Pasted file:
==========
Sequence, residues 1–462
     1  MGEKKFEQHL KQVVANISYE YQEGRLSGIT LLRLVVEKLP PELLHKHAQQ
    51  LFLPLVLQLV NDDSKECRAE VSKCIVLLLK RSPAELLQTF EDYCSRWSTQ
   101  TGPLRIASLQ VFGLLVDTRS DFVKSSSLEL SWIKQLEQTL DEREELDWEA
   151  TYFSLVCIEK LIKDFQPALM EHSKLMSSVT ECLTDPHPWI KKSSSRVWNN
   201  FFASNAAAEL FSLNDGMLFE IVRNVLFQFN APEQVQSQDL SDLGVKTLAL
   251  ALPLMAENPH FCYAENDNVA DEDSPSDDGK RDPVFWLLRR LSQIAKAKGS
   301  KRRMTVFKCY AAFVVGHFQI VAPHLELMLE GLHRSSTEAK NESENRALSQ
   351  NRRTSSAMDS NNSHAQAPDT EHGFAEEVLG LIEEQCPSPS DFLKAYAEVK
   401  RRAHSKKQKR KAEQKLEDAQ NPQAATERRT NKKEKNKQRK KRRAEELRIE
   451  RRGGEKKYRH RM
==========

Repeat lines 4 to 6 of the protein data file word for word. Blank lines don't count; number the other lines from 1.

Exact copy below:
   101  TGPLRIASLQ VFGLLVDTRS DFVKSSSLEL SWIKQLEQTL DEREELDWEA
   151  TYFSLVCIEK LIKDFQPALM EHSKLMSSVT ECLTDPHPWI KKSSSRVWNN
   201  FFASNAAAEL FSLNDGMLFE IVRNVLFQFN APEQVQSQDL SDLGVKTLAL